Of Florida, For Florida
Of Florida, For Florida
The Original Florida Art Collectors: Sam and Robbie Vickers
He is a successful businessman and amateur historian with a hawk-like eye for detail. She is a singer and painter with a flawless color sense and a lively wit.
Together they are Samuel and Roberta Vickers, better known as Sam and Robbie — the dynamic art-collecting duo from Jacksonville whose recent gift of 1,200 Florida works to the Harn Museum of Art has sent ripples through the art world.
Recognized as the first serious collectors of Florida art, Sam and Robbie are as fascinating as the works of art they meticulously amassed over 40 years while raising two children (they now have six grandchildren).
Sam was born in Miami in 1937; Robbie said hello to the world three years later in Palm Beach. The two met while high school students in Georgia, and when Sam was offered a football scholarship to the University of South Carolina, Robbie soon followed. There, she was a cheerleader; Sam was the Gamecocks’ quarterback. The pair married in 1957, back when “Florida art” often meant driftwood knickknacks and acrylic mermaids dabbed on black velvet.
Sam became CEO of a specialty packaging company in Jacksonville, and the couple enjoyed traveling around the world on his business ventures. But in the early 1980s, marvels closer to home caught their eye — little-known paintings of Florida by great 19th- and 20th-century artists. That sent them on hunts through ramshackle yard sales, hidden antique stores and major art galleries, whose owners began referring to Sam and Robbie Vickers as “the” collectors of Florida art.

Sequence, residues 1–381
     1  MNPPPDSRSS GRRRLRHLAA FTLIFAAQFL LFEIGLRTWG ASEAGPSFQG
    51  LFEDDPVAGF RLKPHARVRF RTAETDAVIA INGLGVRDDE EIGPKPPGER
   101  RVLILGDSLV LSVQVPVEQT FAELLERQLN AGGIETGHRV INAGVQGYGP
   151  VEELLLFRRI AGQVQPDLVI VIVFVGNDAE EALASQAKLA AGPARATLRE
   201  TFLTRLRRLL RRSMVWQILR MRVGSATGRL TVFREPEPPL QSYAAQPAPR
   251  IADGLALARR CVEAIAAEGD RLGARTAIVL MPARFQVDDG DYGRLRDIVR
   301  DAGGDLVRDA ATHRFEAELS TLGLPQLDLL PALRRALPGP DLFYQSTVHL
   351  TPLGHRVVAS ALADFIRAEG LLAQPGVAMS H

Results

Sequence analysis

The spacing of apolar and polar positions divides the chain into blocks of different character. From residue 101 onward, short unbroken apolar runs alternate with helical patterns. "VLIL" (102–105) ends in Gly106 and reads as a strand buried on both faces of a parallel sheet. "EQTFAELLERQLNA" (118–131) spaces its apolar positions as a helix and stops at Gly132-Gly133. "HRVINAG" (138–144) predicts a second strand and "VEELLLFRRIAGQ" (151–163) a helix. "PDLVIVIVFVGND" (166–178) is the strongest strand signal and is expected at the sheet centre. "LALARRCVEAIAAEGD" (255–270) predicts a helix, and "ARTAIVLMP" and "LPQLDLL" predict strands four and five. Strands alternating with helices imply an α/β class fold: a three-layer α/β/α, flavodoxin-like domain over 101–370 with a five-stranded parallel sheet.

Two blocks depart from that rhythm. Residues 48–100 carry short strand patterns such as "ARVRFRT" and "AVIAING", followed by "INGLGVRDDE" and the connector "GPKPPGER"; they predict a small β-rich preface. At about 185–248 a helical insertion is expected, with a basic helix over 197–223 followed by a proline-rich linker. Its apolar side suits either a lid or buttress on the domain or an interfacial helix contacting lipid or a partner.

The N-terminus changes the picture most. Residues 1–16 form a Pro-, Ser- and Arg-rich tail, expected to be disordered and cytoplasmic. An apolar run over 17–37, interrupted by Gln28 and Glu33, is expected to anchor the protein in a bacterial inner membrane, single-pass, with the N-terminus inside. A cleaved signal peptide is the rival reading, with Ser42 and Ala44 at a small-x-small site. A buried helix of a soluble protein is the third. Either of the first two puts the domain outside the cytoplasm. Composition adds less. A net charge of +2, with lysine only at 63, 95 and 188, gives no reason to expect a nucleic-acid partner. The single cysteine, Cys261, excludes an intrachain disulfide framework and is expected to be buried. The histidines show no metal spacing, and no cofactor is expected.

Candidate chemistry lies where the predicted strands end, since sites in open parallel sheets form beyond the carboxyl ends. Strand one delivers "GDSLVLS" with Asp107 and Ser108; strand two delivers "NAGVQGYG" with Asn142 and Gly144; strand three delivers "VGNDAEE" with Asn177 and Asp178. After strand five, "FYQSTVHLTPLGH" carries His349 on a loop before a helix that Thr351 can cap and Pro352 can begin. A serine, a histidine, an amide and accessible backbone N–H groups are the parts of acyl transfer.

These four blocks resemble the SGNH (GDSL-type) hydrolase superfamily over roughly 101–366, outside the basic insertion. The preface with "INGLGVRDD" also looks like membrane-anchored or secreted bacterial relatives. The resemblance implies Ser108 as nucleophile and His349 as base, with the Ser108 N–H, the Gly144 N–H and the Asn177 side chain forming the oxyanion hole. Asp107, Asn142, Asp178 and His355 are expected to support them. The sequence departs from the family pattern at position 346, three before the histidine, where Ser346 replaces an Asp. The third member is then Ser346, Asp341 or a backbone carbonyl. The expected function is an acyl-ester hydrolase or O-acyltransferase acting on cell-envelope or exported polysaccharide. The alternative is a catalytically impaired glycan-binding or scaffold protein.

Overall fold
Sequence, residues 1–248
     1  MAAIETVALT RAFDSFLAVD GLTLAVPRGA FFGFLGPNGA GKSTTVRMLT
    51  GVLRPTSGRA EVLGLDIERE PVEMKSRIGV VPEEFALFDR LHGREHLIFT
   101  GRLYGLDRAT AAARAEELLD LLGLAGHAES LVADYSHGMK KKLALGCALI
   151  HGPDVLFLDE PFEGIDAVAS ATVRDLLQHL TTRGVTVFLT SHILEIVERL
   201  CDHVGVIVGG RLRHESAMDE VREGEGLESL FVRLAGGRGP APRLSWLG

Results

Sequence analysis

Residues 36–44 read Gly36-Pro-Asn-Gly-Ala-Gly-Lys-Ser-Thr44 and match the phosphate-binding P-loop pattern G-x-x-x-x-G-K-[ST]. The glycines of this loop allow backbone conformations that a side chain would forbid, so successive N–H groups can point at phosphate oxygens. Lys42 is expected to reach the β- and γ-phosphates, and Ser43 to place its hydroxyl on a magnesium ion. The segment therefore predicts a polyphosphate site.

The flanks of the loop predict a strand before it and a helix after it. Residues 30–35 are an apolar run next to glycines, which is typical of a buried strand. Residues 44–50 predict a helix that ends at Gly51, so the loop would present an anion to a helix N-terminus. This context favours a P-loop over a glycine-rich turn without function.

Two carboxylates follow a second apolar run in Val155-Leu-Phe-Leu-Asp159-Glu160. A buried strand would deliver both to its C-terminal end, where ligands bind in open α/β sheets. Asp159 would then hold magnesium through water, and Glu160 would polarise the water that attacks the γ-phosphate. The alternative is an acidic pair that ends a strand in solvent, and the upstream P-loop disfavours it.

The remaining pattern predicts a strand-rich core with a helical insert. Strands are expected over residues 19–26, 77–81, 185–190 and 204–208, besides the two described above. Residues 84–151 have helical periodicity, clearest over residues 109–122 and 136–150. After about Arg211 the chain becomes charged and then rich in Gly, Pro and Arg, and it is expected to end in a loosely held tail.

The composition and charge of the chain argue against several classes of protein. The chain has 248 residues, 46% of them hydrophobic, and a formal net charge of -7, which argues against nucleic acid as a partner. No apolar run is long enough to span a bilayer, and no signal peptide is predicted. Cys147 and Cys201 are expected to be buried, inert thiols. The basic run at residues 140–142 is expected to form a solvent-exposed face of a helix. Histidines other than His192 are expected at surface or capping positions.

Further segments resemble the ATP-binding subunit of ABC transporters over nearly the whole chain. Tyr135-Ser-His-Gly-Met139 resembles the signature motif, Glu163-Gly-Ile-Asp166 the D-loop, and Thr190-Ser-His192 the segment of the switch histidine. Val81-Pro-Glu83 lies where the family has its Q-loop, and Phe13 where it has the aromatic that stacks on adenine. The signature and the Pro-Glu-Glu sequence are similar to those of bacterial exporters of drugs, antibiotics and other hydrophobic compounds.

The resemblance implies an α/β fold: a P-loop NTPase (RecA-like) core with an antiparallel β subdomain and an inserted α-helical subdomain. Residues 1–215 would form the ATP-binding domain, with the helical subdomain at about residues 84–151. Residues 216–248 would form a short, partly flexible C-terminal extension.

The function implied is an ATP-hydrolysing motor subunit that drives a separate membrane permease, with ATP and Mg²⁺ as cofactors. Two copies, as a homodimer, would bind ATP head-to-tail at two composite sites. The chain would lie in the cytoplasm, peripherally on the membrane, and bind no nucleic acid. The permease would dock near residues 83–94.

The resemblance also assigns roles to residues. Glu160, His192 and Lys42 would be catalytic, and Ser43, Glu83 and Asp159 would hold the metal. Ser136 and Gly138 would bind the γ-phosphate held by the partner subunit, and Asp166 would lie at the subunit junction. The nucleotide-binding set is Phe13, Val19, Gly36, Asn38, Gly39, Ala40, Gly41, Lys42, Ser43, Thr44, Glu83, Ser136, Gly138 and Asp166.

“We’ve had some wonderful experiences along the way as we’ve acquired pictures,” said Sam.
Slowly and surely, they filled their house with sublime art, but it wasn’t until the mid-1990s, when the state asked them to loan pieces for a traveling exhibit celebrating Florida’s sesquicentennial, that the Vickers realized their pastime was more than a hobby.
Curator Gary Libby’s reaction, when he walked into their art-filled home to choose among its treasures, cemented the couple’s understanding that they were serious collectors, Sam remembered: “When [Libby] walked in the front door, he stopped and said, ‘This is not to select some paintings for the [sesquicentennial] collection, this IS the collection.’”
Since then, the Vickers Collection has grown from 200 to 1,200 works with a distinct point of view. Although neither Sam nor Robbie formally studied art appreciation, they quickly trained their eyes to spot a masterpiece, specialists say, seeking out art that is intellectually challenging and captures the soul of its subject matter.
Finding a permanent home for their beloved collection took years of visiting institutions around the state. What persuaded the couple to choose UF, in the end, was the university’s commitment to making the collection central to research and teaching efforts, as well as regular exhibitions at the Harn.
“The educational part of it is very important to us,” Robbie said of the couple’s gift. “Even though we know a great deal about the artists and the works of art, students and faculty and scholars can research and find out more. We wanted [the collection] to go to a place where that’s going to happen.”
“It was pretty clear early on the UF would be the greatest home for the collection,” Sam agreed.